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Assessing possible candidates for the Texas DC position

Will Tom Herman make another comfort hire?

COLLEGE FOOTBALL: APR 13 Utah Spring Game Photo by Boyd Ivey/Icon Sportswire via Getty Images

With Todd Orlando officially out as the Texas Longhorns defensive coordinator, here’s a look at a few possible candidates that could replace him in Austin.

Chris Ash

According to Anwar Richardson of Orangebloods, the former Rutgers head coach is currently a top candidate to replace Orlando at defensive coordinator. Along with his ties to the Longhorns program this season as an analyst, Ash coached with Herman on Ohio State’s championship winning team as the co-defensive coordinator and as the defensive backs coach at Iowa State in 2009.

During his time at Ohio State, Ash’s primary defensive scheme was a 4-3 over, quarters-based coverage look. While it requires timely rotations throughout the secondary, this aggressive-yet-conservative coverage look helps keep things simple and sound against a variety of offensive schemes.

Hiring Ash would signify that Herman has enough trust in his former partner to succeed against Big 12 offenses in a coaching role that he hasn’t been in since his days at Ohio State.

Iowa State DC Jon Heacock

In 2018, Heacock’s 3-3-5 defensive scheme warranted praise on a national level, as the Cyclones held 11 of 13 opponents below their points per game average and 10 of 13 opponents below their yards per play average.

Iowa State’s 3-3-5 defense and TCU’s 4-2-5 defense held Texas in check offensively this season. While it requires solid play at the linebacker position, these defensive schemes best fit the kind of defensive backs that the Longhorns have recruited over the years.

Heacock offers the right personnel mix along with a fundamental-driven style of coaching from his time at Toledo and Iowa State. Fundamentals and technique were problems for Texas all season long due to poor tackling and discipline.

Utah DC Morgan Scalley

The Utah Utes are on the verge of a possible playoff appearance in large part to Scalley’s defense, currently ranked No. 3 nationally in total defense and No. 6 nationally in SP+. Utah ranks No. 1 in run defense and No. 14 in passing yards allowed. Scalley’s defense is predicated on a primary 4-3 under look with heavy man-to-man coverage on the outside.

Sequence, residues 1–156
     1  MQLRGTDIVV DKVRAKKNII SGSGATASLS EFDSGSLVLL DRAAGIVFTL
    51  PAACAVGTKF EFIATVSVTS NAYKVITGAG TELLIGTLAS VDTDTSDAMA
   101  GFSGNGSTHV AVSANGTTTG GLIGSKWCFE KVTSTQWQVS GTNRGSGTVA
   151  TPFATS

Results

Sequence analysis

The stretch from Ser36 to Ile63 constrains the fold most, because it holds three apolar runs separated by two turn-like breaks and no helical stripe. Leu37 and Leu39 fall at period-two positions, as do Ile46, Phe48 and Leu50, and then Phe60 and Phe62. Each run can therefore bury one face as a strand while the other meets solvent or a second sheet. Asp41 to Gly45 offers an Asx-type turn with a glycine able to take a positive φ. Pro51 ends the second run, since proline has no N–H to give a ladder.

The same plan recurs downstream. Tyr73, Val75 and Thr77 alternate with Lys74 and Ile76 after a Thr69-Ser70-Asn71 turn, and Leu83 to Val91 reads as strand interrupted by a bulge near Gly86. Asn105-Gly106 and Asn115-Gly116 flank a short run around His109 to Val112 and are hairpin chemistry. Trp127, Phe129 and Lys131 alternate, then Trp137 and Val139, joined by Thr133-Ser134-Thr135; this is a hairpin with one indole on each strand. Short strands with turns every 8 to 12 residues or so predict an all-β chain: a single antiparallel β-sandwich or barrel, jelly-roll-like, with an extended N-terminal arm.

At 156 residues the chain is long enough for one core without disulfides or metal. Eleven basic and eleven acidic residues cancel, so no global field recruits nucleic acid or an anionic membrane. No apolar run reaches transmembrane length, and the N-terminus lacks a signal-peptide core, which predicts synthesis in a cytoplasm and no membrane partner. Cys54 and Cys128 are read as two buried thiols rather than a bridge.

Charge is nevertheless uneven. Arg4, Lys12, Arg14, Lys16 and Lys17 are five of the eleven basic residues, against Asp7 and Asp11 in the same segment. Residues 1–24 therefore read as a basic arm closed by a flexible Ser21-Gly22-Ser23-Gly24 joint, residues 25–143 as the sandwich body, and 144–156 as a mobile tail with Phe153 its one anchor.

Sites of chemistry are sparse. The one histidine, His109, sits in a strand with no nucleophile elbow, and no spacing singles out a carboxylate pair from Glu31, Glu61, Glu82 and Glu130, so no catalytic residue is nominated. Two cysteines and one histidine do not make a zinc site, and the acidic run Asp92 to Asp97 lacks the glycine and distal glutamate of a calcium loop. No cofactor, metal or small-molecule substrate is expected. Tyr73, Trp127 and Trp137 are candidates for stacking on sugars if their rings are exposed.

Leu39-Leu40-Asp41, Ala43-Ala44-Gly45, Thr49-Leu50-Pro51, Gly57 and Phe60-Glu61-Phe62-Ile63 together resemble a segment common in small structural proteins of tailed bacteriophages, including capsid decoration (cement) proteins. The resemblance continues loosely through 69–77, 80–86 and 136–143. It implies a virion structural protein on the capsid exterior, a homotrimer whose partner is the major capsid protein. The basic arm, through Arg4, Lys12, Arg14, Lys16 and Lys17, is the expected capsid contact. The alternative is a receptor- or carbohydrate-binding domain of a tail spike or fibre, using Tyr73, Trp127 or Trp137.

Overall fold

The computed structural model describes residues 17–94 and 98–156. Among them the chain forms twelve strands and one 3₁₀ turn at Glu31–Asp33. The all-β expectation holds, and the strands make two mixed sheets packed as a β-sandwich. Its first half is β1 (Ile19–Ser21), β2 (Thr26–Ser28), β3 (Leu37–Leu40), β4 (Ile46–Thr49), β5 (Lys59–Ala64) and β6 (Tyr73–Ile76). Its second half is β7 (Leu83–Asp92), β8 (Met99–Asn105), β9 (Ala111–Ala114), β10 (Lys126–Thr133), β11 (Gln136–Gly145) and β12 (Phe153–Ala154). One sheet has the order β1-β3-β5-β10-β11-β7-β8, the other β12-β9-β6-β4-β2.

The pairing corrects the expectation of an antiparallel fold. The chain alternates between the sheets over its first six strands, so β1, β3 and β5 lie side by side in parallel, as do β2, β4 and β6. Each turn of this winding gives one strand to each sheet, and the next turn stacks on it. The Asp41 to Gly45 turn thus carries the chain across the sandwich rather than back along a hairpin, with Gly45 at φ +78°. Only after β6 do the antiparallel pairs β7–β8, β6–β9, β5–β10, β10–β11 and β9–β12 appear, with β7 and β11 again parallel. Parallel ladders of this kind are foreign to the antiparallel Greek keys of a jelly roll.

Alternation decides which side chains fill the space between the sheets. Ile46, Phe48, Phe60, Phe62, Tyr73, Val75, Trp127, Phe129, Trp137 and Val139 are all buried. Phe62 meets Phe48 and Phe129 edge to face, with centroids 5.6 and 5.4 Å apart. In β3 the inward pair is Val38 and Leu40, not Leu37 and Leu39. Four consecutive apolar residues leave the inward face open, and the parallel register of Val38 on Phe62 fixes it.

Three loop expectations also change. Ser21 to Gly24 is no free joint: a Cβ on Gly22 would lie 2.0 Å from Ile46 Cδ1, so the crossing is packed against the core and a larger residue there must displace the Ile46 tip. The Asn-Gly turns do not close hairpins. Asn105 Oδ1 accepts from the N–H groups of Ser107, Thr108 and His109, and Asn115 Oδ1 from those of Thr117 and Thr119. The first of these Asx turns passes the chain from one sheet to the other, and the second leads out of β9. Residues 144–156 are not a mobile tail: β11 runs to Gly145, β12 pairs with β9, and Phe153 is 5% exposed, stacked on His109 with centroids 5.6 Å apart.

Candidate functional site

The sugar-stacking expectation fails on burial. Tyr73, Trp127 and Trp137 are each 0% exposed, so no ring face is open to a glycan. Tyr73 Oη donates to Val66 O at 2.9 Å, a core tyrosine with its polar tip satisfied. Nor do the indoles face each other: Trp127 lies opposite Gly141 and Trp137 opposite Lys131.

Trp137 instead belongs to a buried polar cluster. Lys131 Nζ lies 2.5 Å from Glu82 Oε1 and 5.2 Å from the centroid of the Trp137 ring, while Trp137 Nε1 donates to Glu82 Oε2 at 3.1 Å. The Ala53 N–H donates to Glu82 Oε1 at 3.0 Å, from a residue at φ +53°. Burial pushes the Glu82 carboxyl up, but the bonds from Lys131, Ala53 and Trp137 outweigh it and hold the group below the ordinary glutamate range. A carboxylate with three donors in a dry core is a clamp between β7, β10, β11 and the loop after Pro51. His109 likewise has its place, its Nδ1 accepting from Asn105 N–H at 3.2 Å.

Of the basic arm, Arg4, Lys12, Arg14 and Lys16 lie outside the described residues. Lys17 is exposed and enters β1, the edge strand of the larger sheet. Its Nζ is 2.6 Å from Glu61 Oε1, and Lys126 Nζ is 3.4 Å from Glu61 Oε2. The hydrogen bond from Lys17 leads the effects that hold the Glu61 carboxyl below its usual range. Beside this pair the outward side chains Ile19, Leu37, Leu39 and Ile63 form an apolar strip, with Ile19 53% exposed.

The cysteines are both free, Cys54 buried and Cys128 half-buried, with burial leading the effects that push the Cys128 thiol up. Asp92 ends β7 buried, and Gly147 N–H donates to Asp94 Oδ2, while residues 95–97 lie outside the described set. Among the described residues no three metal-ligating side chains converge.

Coincidentally, top Texas offensive coordinator candidate Graham Harrell was the only one who exploited the Utes through the air this season, as USC threw for 350 yards en route to a 30-23 victory.

Utah has a veteran group this season with a lot of talent graduating, including their starting quarterback Tyler Huntley and running back Zack Moss, and several key defensive linemen.

Unless Scalley decides to make the jump for a bigger brand and more money under the same position, the rising 40-year-old defensive coach and former Utah safety could be in store for a possible head coaching gig in the Mountain West or at a smaller school out West following his success this season.

Auburn DC Kevin Steele

Steele is currently making $2 million a year at Auburn, so it’d certainly take a lot for him to leave the plains. Similar to Orlando, Steele has utilized different multiple defensive back coverage looks to defend all the heavy spread and Air Raid attacks that have proliferated across college football. Unlike Orlando, Steele’s reached significant success with his methods in the SEC.

He often used a 3-2-6, 3-1-7 defensive scheme to counter some of the SEC’s most prolific passing attacks this season. Even though Mack Jones and Alabama scored 45 points in that wild Iron Bowl game, Steele’s defense held every other opponent to 24 points or less this season. That includes games against Oregon, Florida, Georgia, and soon-to-be Heisman winner Joe Burrow and LSU.

Steele’s unique defensive concepts consist of both three and four-man defensive fronts with dime personnel and quarters coverage in the secondary.

Although Orlando’s defense improved over the last month of the season as the defense got healthier, Texas struggled at getting off the field on third-downs and was near of the bottom of the Big 12 in three-and-out rate. Oklahoma and Baylor both excelled at forcing three-and-outs this season. A 4-3 defensive scheme would primarily focus on limiting gains on first and second-down to create blitzing opportunities to get off the field quickly on third-down.

Who knows, maybe this next defensive coordinator hire entails new defensive position coaches as well. But before Herman settles on a former partner in Ash, he should assess the rest of the market and at least consider some other names.